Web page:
While in a democracy it should be obvious that laws should be made by a legislative body with balanced gender, one might notice that the representative democracy in America is not very representative (only 20% of US representatives are women, while roughly half of US constituents are indeed women), while there is no reason other than history to explain this imbalance.

Though science is not a democratic process (there is no expressed need for equal representation), similar historical factors are at play, and diversity or lack thereof can cancel any competitive advantage in terms of science (see Marie Hicks) and inclusivity of technology (see Caroline Criado Perez.)


Alleged differences

Some people will go as far as to say that women are actually undesirable in science, based on alleged differences in mental capacity (see Saini), or more subtly in the “variance” of the population (men supposedly show more variance, therefore more chances of fringe cases; see Strumia, Fig. 2)


Figure 2. Excerpt of the infamous Strumia’s talk at the workshop on gender diversity at CERN


Similar arguments from the Charles Murray’s racist book Bell Curve are used to promote borderline anti-semitic ideas – see also Jordan Peterson.

Ahh! intersectionality….


Role models

It is important in order to bring more balance to have role models to whom young scientist can identify, ideally more recent (and more diverse) than Albert Einstein or Marie Curie. The role models should be invited to give talks on site, but ideally *not in the context diversity* — it is important not to fall in the Bechdel test trap, since (i) you will lose a lot of speaker who are tired of having to repeat again and again the many hurdles they faced (ii) these interventions are usually not very interesting outside the TED talk format (iii) the point of role models is to inspire to do science because of it, not in spite of it (that’s what we have experimented with Series X).



Similar to role models but closer to the person, it is important to have mentors, that can come naturally or through some kind of pairing. These mentors can provide help and support, through sharing their personal experience, advices, and promoting their mentees through invitations to talks and workshops (that’s what we experimented with forum@MSD and  forum@ESA). Be careful that mentors should promote their mentee, not undermine them – the mentor should acknowledge the accomplishments of the mentee, not their own.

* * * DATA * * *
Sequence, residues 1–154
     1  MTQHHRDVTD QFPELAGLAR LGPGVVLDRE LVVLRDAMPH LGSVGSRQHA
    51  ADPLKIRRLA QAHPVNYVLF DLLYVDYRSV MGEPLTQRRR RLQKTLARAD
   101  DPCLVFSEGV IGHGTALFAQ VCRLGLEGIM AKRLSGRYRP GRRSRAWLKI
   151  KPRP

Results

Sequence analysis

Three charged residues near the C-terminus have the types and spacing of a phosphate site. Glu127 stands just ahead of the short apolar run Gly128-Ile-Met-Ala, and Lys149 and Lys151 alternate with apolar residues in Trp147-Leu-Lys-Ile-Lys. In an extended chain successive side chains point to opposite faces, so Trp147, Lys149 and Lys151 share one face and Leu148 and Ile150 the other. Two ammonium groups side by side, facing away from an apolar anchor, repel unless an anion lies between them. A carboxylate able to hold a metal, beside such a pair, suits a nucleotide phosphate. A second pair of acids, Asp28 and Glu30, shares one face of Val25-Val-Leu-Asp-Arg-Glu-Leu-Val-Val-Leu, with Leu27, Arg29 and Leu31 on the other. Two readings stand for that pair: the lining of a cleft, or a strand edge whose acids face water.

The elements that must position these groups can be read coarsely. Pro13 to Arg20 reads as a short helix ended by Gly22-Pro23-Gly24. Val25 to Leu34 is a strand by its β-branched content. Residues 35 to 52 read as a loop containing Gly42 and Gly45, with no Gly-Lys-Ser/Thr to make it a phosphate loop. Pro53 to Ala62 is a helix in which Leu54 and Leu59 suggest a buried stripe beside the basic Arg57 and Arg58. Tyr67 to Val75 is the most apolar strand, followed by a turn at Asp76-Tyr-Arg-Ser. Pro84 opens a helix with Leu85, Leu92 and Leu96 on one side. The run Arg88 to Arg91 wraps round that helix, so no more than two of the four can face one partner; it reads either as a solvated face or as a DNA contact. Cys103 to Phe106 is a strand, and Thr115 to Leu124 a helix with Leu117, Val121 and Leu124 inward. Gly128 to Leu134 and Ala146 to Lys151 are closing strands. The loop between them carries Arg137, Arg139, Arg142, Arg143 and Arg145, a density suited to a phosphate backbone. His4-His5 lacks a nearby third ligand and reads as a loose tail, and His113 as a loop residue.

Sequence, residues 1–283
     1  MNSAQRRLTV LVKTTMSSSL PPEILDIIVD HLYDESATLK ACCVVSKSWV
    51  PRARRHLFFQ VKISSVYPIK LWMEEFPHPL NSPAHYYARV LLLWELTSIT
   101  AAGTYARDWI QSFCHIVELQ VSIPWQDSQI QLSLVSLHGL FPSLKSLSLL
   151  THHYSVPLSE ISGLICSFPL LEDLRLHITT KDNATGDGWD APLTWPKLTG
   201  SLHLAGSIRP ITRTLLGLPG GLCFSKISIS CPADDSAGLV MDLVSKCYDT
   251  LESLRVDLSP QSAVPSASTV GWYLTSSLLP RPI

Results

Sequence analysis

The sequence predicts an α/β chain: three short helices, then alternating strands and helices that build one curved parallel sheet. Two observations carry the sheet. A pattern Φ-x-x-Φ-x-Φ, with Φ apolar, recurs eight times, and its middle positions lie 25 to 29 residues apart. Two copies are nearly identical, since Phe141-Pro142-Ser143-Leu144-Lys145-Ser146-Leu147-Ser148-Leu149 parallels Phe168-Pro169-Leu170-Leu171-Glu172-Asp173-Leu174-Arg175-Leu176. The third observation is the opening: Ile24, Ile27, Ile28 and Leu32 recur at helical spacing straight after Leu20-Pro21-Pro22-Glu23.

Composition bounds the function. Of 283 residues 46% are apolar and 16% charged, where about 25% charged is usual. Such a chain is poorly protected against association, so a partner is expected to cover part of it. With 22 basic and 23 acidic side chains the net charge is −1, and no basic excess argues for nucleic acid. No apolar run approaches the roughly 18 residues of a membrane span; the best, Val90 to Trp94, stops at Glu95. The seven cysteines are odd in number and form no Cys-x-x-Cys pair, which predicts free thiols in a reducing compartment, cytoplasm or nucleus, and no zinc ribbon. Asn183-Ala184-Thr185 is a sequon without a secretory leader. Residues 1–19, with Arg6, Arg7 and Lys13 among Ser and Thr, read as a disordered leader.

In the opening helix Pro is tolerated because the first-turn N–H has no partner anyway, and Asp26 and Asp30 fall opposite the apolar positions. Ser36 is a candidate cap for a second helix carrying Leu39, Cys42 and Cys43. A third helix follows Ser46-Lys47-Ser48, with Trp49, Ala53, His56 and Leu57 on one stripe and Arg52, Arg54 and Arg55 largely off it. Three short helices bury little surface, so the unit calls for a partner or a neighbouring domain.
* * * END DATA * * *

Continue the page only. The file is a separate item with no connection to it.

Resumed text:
Provide a platform

Given the current imbalance in gender and diversity as whole, we must make sure that people from underrepresented groups get invited to the lab and are being able to leverage this position, through announcements and support. Success begets success, and the lab is a good reference when someone wants to get booked in other places. Given that diverse speaker are paradoxically more rare, a budget must be set aside to fly them here and/or for an honorarium (they should not work for free, especially when they are themselves not in a position of power.)

Scientists at the lab usually yield considerable power in their own field, and they should be encouraged to seek and promote diversity when they look for invited speakers (best practices and guidelines can be useful here, e.g. never have an all-male panel or seminar series.)


Promote scientists to leadership position

Academia is a very competitive environment, and any differentiating factor is useful when it comes to apply to position, especially when women face external factors that gradually push them outside academia (Fig. 1) Encouraging women to pursue ancillary activities (association, EAA or ERGs), where they can learn leadership skills and strengthen their network, is seen as important, and the lab should further its support to extra-curricular activities.


Work-life balance